As Rep. Ed Markey (D-MA) emphasized in a statement released Tuesday, “Oil companies keep saying they can conquer the Arctic, but the Arctic keeps disagreeing with the oil companies … Drilling expansion could prove disastrous for this sensitive environment.”

Problems with logistics, infrastructure, and scientific knowledge only add to a bigger problem: that the Arctic is already being battered by accelerating climate change. In the summer of 2012, the region lost a mass of ice the size of Canada and Texas combined.

Shell’s Arctic endeavor has been riddled with problems from the outset. As the company looks toward a full drilling season in 2013, there are far more questions than answers and far more mishaps than successes.

Watch a video of Shell’s stranded rig:

Coast Guard overflight of Kulluk aground from anchoragedailynews on Vimeo.

Kiley Kroh is the Associate Director for Ocean Communications at the Center for American Progress

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15 Responses to Shell Runs Its Arctic Drilling Rig Aground; Coast Guard Prepares For ‘Possible Spill-Response’

  1. Denny Waller says:

    Shell runs its rig aground?

    The rig ran aground after it was cut loose in high seas.

    Poorly worded headlines receive much criticism on this site.

    • Joe Romm says:

      The headline is an accurate description of what happened. That usage of “runs” is pretty standard.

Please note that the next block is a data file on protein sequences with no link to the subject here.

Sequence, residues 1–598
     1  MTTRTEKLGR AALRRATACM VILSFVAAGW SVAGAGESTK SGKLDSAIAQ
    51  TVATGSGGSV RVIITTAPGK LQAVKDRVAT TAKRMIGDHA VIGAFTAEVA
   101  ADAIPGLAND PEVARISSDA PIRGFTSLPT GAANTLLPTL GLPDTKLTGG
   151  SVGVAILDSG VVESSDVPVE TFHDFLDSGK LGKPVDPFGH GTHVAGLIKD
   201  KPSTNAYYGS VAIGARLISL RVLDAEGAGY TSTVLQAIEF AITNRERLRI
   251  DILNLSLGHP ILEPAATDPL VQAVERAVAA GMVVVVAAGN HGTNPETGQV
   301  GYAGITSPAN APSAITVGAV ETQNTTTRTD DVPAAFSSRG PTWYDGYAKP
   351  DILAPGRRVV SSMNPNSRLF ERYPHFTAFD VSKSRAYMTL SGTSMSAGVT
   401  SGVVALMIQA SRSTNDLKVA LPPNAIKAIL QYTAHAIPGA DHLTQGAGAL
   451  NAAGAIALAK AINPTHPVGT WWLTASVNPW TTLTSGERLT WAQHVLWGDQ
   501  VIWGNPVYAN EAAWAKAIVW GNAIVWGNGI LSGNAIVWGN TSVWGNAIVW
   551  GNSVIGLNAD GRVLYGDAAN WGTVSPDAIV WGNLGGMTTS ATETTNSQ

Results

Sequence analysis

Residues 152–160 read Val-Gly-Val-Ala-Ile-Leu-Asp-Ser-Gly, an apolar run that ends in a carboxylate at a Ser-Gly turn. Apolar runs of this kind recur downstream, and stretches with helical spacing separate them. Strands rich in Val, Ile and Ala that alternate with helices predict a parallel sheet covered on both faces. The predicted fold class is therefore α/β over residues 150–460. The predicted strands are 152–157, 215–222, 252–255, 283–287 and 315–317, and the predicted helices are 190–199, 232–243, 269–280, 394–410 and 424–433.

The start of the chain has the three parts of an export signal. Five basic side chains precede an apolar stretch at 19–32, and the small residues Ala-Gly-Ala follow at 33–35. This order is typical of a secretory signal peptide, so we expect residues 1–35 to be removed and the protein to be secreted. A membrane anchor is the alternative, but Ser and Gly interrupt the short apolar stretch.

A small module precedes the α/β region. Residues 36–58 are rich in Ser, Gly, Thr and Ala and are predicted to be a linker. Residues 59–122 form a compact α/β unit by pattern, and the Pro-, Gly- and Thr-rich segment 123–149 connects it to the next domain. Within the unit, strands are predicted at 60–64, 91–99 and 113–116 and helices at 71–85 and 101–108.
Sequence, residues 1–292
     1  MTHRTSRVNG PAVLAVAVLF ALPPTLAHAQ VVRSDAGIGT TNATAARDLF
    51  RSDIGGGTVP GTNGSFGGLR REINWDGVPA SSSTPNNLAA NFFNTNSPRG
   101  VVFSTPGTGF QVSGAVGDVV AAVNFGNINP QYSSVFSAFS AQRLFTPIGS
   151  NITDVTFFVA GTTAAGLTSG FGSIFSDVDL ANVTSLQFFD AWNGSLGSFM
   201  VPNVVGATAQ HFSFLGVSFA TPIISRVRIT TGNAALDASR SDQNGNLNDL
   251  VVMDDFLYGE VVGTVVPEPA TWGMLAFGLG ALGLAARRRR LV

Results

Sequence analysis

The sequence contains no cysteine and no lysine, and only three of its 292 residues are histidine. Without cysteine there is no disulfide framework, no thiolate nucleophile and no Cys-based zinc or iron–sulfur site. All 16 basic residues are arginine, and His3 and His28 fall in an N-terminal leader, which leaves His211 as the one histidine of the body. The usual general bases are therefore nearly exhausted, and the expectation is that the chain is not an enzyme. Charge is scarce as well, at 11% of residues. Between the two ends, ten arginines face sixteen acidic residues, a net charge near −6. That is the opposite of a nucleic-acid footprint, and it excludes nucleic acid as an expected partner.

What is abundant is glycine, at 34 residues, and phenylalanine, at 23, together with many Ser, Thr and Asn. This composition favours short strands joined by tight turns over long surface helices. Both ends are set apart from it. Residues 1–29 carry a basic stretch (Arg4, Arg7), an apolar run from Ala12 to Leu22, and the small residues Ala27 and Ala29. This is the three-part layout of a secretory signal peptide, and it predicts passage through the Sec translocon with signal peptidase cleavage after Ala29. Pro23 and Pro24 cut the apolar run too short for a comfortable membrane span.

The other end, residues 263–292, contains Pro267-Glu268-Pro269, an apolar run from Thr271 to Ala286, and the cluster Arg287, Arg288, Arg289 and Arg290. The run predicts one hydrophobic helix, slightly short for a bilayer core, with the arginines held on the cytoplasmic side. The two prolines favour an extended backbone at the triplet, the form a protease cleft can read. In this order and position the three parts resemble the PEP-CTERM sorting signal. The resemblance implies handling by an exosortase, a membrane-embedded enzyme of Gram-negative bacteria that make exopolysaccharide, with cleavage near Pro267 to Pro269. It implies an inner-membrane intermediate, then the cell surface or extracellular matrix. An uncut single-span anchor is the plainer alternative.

• Brooks Bridges says:

      I recall reading another article saying it was guided/towed to the area because it was considered a better place to run aground than others.

      The article also said the fuel tanks were centrally located and protected.

  2. Zimzone says:

    The CEO of each major oil company should be required to spend at least a week on this rig in high seas, just to ‘get a feel’ for what it’s like in an arctic environment.

  3. Leif says:

    So who gets to foot the Coast Guard mobilization bill? Hold Shell accountable for every dime. Stop profits from the pollution of the commons. Socially enabled capitalism on every front is a failed paradigm.

  4. Timarumaps says:

    In New Zealand – Shell has changed the name of its service stations to “Z”.
    All its TV advertising now revolves around the purchase of petrol or gas at “Z” service stations.
    Is there a message here?

  5. Clifford says: